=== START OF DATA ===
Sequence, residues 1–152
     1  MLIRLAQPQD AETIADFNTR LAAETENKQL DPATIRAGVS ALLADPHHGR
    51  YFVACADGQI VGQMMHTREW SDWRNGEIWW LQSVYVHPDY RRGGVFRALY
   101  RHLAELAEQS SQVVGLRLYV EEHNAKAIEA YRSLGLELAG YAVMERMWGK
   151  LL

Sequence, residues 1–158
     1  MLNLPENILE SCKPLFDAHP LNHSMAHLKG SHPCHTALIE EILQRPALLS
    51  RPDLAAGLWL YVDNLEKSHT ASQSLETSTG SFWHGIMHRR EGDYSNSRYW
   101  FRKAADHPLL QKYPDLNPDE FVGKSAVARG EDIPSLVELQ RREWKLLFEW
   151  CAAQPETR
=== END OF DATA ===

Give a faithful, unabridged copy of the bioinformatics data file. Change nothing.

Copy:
Sequence, residues 1–152
     1  MLIRLAQPQD AETIADFNTR LAAETENKQL DPATIRAGVS ALLADPHHGR
    51  YFVACADGQI VGQMMHTREW SDWRNGEIWW LQSVYVHPDY RRGGVFRALY
   101  RHLAELAEQS SQVVGLRLYV EEHNAKAIEA YRSLGLELAG YAVMERMWGK
   151  LL

Sequence, residues 1–158
     1  MLNLPENILE SCKPLFDAHP LNHSMAHLKG SHPCHTALIE EILQRPALLS
    51  RPDLAAGLWL YVDNLEKSHT ASQSLETSTG SFWHGIMHRR EGDYSNSRYW
   101  FRKAADHPLL QKYPDLNPDE FVGKSAVARG EDIPSLVELQ RREWKLLFEW
   151  CAAQPETR